4. TAKE MORE CLASSES
Just participating in the courses for your degree isn’t enough if you want to excel professionally. You should further develop your skill set through specialized classes that correspond to what interests you. There are several options offered by public and private educational institutions, among them: distance learning courses, technical vocational courses, seminars, certification classes and technical training courses.
5. ATTEND LOCAL EVENTS
Be aware of the calendar of events in your field (architecture, urban planning, design, landscaping and construction), including international fairs, forums, symposiums, conventions, round tables, architecture and urbanism week, regional / national / international meetings for architecture and urban planning students, etc. Choose which ones you’d like to participate in from the available options.
6. PARTICIPATE IN STUDENT COMPETITIONS
Participating in a competition means fully meeting all the requirements set out in the call for proposals, whose work will be evaluated by skilled and technically qualified judges. It’s essential that the project is presented in the requested formatting since any non-compliance is cause for disqualification. All these types of experiences are valuable, even if your project doesn’t win since participating demonstrates attention to detail, discipline, teamwork, and organization in order to fulfill all the requirements. In addition, the projects you make can be included in your portfolio (see tip 10) and also mentioned on your CV.
7. VISIT IMPORTANT WORKS OF ARCHITECTURE
Researching architectural and urban projects that were or are relevant to society allows an architecture student to expand his repertoire of projects. However, seeing the places you studied in person and getting to know them is an irreplaceable experience in the training of an urbanist architect. Being physically in a place stimulates the senses of the human body because it is possible to experience different smells, noises, tastes, textures and sights all at the same time. In addition, observing people interacting with a space provides critical analysis for the architect in decision making. If you can’t travel right now, try to get to know the history and the architectural structures in your own city or even your neighborhood. There are always at least a few interesting places to visit and in many of them are free. Oh! Always bring a notebook to write down your impressions and ideas.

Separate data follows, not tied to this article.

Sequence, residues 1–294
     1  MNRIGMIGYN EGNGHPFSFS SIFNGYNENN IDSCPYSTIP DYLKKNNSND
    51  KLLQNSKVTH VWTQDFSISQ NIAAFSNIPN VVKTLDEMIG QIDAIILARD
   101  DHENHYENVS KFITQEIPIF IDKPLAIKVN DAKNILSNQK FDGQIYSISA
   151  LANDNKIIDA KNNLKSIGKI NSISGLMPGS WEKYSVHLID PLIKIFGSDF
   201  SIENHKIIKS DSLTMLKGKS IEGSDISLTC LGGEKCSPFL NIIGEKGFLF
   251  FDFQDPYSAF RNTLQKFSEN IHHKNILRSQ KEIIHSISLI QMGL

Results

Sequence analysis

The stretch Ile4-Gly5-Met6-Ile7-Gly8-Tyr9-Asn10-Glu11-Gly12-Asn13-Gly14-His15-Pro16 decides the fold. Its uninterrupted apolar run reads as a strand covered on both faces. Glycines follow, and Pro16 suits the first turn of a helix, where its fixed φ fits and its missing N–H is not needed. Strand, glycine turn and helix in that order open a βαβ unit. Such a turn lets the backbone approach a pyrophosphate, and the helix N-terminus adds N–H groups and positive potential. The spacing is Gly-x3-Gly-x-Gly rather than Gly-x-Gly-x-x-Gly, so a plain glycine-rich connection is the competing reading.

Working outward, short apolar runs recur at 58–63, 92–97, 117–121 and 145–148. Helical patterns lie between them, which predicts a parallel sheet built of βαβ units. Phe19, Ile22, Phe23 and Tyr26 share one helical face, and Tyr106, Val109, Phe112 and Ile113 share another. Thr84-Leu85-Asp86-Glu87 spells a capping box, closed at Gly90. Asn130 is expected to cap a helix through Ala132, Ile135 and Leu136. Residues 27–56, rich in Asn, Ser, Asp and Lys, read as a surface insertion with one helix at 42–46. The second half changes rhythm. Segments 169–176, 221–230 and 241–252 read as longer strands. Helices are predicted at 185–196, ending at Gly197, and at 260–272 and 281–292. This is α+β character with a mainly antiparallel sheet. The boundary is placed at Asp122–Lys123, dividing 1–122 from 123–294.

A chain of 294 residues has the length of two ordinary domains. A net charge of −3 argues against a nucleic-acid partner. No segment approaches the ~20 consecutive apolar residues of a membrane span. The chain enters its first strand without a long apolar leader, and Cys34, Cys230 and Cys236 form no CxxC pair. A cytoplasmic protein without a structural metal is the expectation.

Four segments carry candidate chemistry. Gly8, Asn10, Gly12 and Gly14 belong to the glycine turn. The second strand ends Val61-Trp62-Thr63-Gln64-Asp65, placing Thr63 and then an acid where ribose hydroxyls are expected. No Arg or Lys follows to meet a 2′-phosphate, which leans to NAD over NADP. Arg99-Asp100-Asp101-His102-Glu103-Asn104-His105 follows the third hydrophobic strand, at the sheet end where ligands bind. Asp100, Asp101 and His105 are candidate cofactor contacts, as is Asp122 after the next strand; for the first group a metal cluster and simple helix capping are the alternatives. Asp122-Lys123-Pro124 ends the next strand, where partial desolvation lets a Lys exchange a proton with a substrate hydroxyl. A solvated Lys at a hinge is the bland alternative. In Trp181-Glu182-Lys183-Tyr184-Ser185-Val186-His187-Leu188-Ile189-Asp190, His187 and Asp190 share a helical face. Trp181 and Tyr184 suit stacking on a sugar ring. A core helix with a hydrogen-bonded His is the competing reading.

8. PARTICIPATE IN RESEARCH
Participating in research is the starting point for those interested in delving into a specific subject or pursuing an academic career. In general, the interested student integrates with some research group at an institution and develops a project together with the instructor, which in turn encourages him to participate in conventions and seminars, as well as to publish articles in newspapers and magazines. In addition, you can obtain research grants by sending in grant applications and project summaries whose relevance will be evaluated by the technical committee of the requested institution.
9. PARTICIPATE IN AN EXCHANGE PROGRAM
A professional who has already participated in an exchange program stands out in the job market because the experience acquired is associated with a series of challenges that the person has already overcome, among them: dealing with distance from family and friends, learning different customs, adapting to the reality of a new country and, above all, to communicate in another language. An exchange student learns the importance of teamwork and has experience with the cultural diversity of another country. Additionally, you make new friends and expand your network (see tip 1), you acquire new knowledge, responsibility, and independence and, again, can become fluent in a foreign language. There are different exchange programs, some of which offer scholarships and housing and food aid. It is important to thoroughly research the available information and look it over well to determine what destination and length of stay fit your budget.
10. MAKE A PORTFOLIO